Posted 8th March 2024 | 3 Comments

Railway ‘not good enough’, says National Audit Office

The Labour Party has criticised delays to rail reforms which have been highlighted in a new report from the National Audit Office, and has repeated its pledge to fully renationalise the remaining private sector passenger operators if it is elected.

The NAO has concluded that the railway’s performance ‘is not good enough and has not been for some time’.

It points out that the Department for Transport knows what the problems are, but has not been able to use this knowledge effectively, and that the level of railway subsidies is ‘unsustainable’.

A further problem has been that ‘the government’s legislative priorities have changed’, and this lack of consistency has also made things more dfficult for the DfT, as when a new Act to reform the railways was postponed.

Although a draft Rail Reform Bill has now been published, the NAO warns that key reforms are now postponed until the next session of Parliament. This is unlikely to take place before the next General Election, while the ‘DfT is not yet set up to secure value for money from its work to reform rail’.

New data from the Office of Rail and Road has revealed that cancellations were at 4.9 per cent between October and December last year, which was the highest level since these figures were first recorded, ten years ago.

Labour’s shadow transport secretary Louise Haigh said: ‘It is clear that under the Conservatives our rail services are being run into the ground. Cancellations are soaring, fewer and fewer trains are turning up on time, and fares have once again been hiked, leaving long-suffering commuters literally paying more for less.

’Under the Tories rail reform has stalled and we are on a train to nowhere. Labour will end this cycle of failure by bringing rail franchises back into public ownership as contracts expire, and putting passengers at the heart of every decision.’

The DfT responded: ‘The £3.1 billion of subsidies the NAO refers to are a result of external pressures, including the challenges of post-Covid passenger recovery, not related to rail reform savings.

‘We have laid out a clear plan for the industry’s future under Great British Railways in our recently published draft bill and we are now pressing ahead with improvements that will benefit millions of customers like expanding Pay As You Go ticketing, piloting simpler fares, and announcing a target for rail freight growth.’

Reader Comments:

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  • david C smith, Bletchley

    I guess one reason BR had relative success in the 1980's stemmed from the comparison being with other State railways in Europe. Many of these nowadays have evolved further, with private operators sharing the infrastructure ; in Spain, for example the high speed network is host to three or four competing operators. My contention is that a uniformly privatised railway , and similarly uniform nationalisation both suffer from trying to impose a single model on a diverse variety of activities, and might be more efficient / effective with a "horses for courses" approach.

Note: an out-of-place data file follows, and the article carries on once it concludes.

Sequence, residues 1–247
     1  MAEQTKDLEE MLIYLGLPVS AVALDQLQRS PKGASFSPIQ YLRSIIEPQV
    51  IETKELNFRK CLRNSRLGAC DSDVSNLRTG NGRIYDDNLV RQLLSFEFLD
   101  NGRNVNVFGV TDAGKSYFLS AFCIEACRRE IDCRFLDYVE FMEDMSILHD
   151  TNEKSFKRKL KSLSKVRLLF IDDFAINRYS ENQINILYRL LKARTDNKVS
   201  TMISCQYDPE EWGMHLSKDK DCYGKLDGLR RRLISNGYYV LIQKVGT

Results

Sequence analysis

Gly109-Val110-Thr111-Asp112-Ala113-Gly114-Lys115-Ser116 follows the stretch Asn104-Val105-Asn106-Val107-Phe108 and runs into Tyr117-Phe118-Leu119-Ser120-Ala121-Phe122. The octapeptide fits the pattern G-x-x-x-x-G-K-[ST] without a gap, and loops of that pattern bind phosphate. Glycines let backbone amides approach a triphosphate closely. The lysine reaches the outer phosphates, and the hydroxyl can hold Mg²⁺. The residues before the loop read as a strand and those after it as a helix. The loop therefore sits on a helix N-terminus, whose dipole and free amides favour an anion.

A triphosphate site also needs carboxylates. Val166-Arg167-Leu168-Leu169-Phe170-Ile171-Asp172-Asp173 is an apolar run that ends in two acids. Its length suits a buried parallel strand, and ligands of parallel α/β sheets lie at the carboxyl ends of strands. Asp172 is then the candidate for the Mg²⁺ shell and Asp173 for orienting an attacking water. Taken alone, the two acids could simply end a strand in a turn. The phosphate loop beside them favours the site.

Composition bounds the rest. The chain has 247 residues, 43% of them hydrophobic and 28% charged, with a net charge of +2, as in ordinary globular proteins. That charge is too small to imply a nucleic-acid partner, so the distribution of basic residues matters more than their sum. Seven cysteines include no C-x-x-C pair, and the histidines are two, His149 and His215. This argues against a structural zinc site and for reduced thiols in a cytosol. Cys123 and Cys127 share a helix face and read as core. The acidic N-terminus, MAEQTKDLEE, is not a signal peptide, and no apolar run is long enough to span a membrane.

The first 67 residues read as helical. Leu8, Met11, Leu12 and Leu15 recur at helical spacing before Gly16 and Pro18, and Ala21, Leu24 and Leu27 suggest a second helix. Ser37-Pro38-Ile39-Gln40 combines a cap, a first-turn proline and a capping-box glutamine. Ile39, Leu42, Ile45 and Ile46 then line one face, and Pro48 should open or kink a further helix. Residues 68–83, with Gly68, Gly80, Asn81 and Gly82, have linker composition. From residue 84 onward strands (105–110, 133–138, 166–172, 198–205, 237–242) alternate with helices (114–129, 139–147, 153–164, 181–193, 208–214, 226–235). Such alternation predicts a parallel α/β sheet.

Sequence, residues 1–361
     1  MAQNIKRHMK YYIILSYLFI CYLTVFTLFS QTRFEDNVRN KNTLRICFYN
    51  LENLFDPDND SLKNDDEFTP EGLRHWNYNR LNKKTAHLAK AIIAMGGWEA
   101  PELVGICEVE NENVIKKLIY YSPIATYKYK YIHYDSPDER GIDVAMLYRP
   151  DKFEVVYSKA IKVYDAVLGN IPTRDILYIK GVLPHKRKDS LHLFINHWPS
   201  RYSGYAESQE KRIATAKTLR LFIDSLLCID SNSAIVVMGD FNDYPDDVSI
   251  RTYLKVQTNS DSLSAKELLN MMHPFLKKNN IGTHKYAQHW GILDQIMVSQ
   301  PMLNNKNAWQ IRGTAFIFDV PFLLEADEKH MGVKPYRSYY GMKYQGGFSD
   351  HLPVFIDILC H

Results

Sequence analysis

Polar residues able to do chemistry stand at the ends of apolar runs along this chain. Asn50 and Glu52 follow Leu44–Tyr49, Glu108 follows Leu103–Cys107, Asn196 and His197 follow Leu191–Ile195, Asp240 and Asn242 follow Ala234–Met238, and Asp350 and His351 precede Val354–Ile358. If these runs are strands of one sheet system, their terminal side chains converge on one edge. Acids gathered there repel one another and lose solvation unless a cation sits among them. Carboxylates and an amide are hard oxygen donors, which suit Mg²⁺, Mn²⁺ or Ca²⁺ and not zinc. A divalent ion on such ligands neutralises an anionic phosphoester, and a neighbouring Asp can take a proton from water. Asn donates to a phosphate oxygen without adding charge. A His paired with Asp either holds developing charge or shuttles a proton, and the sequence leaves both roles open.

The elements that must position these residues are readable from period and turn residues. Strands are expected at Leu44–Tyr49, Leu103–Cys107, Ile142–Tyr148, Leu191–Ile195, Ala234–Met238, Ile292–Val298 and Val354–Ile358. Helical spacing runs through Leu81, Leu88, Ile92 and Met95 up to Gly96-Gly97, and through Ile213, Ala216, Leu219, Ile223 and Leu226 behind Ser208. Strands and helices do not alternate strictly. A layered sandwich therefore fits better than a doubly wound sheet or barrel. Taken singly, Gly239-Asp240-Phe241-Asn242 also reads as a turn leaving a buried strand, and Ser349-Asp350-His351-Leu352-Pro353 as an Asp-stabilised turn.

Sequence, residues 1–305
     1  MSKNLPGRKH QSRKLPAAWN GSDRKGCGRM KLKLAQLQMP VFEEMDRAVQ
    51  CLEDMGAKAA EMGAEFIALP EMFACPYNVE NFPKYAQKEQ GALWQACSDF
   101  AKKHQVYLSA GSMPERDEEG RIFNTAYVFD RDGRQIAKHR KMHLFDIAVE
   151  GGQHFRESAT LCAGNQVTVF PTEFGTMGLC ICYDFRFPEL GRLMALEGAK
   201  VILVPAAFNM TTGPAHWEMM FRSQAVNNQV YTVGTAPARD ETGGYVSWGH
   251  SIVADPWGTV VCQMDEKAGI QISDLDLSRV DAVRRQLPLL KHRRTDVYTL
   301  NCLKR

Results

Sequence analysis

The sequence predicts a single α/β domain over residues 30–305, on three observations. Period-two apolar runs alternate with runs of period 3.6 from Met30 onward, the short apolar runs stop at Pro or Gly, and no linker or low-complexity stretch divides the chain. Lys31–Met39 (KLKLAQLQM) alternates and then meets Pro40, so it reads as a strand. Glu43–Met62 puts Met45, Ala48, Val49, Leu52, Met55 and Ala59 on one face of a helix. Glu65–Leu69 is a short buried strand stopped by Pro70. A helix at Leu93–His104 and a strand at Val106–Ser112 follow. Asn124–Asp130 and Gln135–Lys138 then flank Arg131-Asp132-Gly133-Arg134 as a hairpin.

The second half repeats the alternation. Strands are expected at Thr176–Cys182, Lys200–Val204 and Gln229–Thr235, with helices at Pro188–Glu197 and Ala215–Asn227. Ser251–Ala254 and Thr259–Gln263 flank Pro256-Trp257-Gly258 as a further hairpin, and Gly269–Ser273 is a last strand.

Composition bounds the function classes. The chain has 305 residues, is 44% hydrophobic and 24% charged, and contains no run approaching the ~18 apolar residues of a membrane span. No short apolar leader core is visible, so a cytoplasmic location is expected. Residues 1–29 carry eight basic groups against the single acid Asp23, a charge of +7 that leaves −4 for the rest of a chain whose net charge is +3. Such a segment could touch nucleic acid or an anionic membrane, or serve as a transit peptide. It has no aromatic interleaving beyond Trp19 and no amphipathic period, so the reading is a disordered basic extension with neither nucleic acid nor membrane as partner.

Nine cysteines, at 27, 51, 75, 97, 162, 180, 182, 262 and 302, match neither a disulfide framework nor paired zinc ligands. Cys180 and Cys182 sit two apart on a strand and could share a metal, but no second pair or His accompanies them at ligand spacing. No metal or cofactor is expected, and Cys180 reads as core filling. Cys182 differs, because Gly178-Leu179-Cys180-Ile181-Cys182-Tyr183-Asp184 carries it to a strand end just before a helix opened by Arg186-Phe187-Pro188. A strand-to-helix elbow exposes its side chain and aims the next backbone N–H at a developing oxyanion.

• david C smith, Bletchley

    Do we really want renationalisation ? I'm not convinced, for one ; the former BR was not notable for being a great success story*. Our economy works largely on a market capitalist basis, so that a government controlled monopoly is unlikely to "fit well". But don't assume that another attempt at a privatised railway will automatically "work" without careful thought, especially the possibillities stemming from structuring subsidies as incentivisors, which take into account "hidden" costs and benefits. Design and implementation of a superstructure of these could be the best way for government to achieve its aims.
    [In the later 1980s BR was the most efficient railway in Europe, needing less subsidy than the franchises after privatisation.--Ed.]

  • Christopher Jones-Bridger, Buckley Flintshire

    The rail industry has been plagued by inertia & indecision from government ministers for years. The Williams report, part hijacked by then transport sec Shapps, clearly identified the dysfunctional structure that had originally been created by the 1993 Railways Act that led to privatisation as being financially inefficient. The creation of GBR was seen as key to restoring some degree of integration that would eliminate the bureaucratic barriers in the industry that are costly & totally unproductive it's efficient functioning.

    Unfortunately the remedy prescribed to unlock the industry's financial woes has proved a bitter pill to swallow to the free market fixated conservative ministers charged with administering it. The result, rather than to get on with creating the legislation in a timely fashion, they have prevaricate leading to costly delay ensuring there will be no significant change this side of the general election with the industry suffering accordingly.

    Ever since the PM unilaterally chose to cancel HS2 phase 2, seemingly preferring the advice of aides & special advisors rather that seasoned transport professionals, the thrust of government transport policy has shifted further towards road rather than public transport investment. Also for years the transport ministry has been populated by a revolving door of ministers with no particular interest in transport only seeing the role only stepping stone in the trajectory their own careers either rising or sinking. This has inevitably lead to deferred decision making. This has only been too apparent in the last few years when recovery from the covid pandemic has been hampered by knee jerk responses to the short term financial pressures. Instead of decisive leadership with a clear strategic vision we have been lumbered with spreadsheet gazing petty minded bean counters.